Even those with cars couldnít necessarily fit their families and extended families into them. But instead of being irresponsible, the strong stayed to protect the weak. Becker sees this as a sign of indolence; English knights saw this as the highest code of honor and chivalry.

Should we reject Becker's argument? Absolutely.

Bill Harshaw

I understand Dr. Becker to be saying: the reason why many people did not leave New Orleans when that was the rational course of action is they trusted government to take care of them.

But people do not act rationally. Everyone who visits this site knows he or she is going to die, often with a period of disability preceding it. Does everyone have their affairs in order? No. [Raises hand.] And people differ in their assessments of risk and the costs of change and the benefits of being in control. That's why people drive cars instead of flying.

It's easy enough to imagine someone in New Orleans who doesn't trust the government and government predictions, who lived through Betsy in '65, who knows that most evacuations turn out to be unnecessary (crying "wolf"), who's never been outside New Orleans, who strongly values routine and the known and shrinks from adventure, deciding that the possible risks don't outweigh the known and certain psychic costs of becoming an evacuee.

Kurt Yost

While this too is speculative, I question the extent to which a "culture of dependency" really contributed to the disaster. It seems to me that the post-Katrina dangers of New Orleans were so great that depending on the government to save you would require an amount of optimism that very few people can manage.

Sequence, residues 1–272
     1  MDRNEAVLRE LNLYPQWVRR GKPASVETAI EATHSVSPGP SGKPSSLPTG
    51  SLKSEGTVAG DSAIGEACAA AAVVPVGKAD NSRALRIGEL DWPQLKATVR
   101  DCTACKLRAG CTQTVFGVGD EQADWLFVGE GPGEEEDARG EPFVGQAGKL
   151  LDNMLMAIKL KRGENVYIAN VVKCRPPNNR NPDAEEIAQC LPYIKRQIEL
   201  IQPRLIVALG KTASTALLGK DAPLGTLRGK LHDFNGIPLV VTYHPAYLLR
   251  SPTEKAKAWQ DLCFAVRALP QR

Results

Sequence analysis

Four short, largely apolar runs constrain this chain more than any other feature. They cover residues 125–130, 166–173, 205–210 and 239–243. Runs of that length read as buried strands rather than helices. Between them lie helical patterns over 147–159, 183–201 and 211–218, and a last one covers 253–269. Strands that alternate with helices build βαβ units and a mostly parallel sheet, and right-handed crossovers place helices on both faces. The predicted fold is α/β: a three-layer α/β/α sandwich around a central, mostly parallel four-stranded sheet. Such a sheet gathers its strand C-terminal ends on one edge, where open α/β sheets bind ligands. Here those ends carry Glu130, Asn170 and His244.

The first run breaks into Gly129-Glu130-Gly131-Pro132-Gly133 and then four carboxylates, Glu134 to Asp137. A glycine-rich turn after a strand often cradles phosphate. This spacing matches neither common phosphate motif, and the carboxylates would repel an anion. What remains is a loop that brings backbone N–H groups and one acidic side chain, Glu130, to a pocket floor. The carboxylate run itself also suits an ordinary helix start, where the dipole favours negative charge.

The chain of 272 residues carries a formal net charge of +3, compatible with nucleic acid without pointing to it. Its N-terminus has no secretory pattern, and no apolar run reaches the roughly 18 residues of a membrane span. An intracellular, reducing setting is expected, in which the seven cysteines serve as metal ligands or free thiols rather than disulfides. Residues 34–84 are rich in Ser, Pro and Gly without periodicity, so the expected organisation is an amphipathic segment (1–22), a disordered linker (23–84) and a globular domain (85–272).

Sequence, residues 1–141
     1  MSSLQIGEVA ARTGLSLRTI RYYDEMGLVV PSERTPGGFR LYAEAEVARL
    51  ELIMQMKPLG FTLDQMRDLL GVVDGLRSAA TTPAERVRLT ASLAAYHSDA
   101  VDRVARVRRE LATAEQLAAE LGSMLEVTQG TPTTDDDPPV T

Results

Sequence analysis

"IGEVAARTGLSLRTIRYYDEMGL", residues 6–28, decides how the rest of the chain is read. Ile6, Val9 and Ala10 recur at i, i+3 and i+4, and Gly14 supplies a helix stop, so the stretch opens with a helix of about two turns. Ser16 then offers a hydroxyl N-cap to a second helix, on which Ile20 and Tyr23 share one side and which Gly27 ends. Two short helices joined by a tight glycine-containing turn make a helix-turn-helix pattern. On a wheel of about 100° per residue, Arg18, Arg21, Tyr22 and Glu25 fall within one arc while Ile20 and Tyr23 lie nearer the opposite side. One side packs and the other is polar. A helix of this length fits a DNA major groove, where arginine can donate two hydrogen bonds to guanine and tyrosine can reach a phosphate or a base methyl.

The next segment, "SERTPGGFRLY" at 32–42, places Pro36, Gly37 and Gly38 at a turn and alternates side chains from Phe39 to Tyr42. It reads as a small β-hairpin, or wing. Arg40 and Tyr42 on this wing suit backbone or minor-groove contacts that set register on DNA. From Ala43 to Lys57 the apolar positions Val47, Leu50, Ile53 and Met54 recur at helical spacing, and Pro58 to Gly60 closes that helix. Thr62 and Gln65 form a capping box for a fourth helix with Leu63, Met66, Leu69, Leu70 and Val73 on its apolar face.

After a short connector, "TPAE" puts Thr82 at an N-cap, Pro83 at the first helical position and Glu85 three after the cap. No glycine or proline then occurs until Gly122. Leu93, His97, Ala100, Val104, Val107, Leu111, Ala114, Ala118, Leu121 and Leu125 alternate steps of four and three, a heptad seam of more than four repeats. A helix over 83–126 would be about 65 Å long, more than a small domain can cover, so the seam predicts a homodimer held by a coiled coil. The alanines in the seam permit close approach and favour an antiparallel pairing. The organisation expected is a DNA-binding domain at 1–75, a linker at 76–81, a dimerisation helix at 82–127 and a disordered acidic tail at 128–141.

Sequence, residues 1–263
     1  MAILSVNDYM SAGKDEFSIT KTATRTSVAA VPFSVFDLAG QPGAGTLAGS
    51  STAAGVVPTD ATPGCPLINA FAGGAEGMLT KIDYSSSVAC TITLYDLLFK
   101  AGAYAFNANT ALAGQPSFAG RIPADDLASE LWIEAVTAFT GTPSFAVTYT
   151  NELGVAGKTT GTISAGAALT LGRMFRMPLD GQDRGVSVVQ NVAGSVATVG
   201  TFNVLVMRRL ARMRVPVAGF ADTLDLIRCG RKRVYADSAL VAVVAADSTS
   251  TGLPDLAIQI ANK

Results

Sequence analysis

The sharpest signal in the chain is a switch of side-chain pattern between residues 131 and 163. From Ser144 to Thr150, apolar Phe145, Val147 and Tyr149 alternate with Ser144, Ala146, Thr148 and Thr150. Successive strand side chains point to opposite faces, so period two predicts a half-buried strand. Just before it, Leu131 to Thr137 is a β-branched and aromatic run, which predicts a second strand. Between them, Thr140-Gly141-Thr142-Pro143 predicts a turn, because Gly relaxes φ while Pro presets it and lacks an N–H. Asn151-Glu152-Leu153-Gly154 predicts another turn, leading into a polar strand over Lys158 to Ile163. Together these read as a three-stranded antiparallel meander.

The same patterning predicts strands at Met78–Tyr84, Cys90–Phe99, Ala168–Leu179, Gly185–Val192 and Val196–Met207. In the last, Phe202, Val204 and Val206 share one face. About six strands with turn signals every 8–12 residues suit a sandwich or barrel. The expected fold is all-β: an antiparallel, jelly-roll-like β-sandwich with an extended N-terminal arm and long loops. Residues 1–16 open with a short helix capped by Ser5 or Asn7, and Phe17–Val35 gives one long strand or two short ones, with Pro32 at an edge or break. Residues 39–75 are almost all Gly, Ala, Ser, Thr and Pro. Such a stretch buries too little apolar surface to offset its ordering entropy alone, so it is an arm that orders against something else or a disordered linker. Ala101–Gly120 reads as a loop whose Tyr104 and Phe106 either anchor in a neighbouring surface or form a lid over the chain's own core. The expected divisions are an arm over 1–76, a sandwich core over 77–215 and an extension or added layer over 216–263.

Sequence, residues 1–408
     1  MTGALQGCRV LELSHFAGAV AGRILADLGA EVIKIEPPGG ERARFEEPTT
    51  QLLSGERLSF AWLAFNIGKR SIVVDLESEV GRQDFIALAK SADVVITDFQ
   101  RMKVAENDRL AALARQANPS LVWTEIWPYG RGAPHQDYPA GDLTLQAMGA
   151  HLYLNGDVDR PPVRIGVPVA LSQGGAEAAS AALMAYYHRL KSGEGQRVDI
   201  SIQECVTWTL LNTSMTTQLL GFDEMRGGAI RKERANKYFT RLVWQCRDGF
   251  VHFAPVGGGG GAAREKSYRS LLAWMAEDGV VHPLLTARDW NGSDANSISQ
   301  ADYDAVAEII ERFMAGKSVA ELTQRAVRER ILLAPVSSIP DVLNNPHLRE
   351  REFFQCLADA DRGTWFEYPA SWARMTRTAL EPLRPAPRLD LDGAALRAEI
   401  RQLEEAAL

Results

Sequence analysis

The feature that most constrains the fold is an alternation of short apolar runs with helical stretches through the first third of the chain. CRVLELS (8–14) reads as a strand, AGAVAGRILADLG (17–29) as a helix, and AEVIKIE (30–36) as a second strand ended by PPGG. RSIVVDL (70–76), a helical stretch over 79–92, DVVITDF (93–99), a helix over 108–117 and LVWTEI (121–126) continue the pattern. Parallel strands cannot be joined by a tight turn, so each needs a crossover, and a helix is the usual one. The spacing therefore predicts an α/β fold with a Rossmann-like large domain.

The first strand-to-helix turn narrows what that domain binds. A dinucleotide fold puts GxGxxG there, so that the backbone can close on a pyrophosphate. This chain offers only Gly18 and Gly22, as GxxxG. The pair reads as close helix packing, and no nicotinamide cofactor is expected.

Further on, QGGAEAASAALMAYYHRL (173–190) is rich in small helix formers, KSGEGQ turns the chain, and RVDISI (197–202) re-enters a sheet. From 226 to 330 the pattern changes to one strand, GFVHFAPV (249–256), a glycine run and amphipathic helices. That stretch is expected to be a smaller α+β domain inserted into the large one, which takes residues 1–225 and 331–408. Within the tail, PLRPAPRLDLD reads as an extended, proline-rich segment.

It seems more likely that the decision to stay was based on a failure to fully appreciate the risks and dangers of the levees breaking, the hope that the warnings were exaggerated (living in New York myself, I find it increasing difficult to take government warnings of anything as seriously as I possibly should, or even (though hopefully rarely) the expectation that looting would be possible in the aftermath.

Each of these might have been buttressed by the thought, "but if things go spectacularly wrong, the government will send in the National Guard," so there is still a role for the dependence argument, but I think it is a secondary one.

Also, the notion that it doesn't take much money to leave a city is short sighted, in my view. Sure, $25 might get you out of town, but many people might reasonably have viewed the option of staying at home and hoping the storm missed them as superior to joining the ranks of the homeless in a new town. If the latter strategy were adopted, but the hurricane *missed* New Orleans, I doubt locals would have viewed such a homeless refugee with as much sympathy as they actually received. All of that needs to be considered in evaluating the decisions of the poor, made a priori.

I have no idea what it cost at the time to take public transportation in New Orleans, to be honest, but I do know that an Amtrak ticket from New York City to Philadelphia costs between $56 and $109, one way, depending on the train (and the Northeast corridor is heavily traveleed by Amtrak, with plent of seats). Greyhound charges $21, one way. Add a spouse and children into the mix and I can see the costs escalating substantially.

I'm relatively conservative, but I have also spent some time in my teens and twenties living "hand to mouth." As a result, I can see how someone in those circumstances, especially if caring for a family, might not be able to afford to flee without third-party assistance.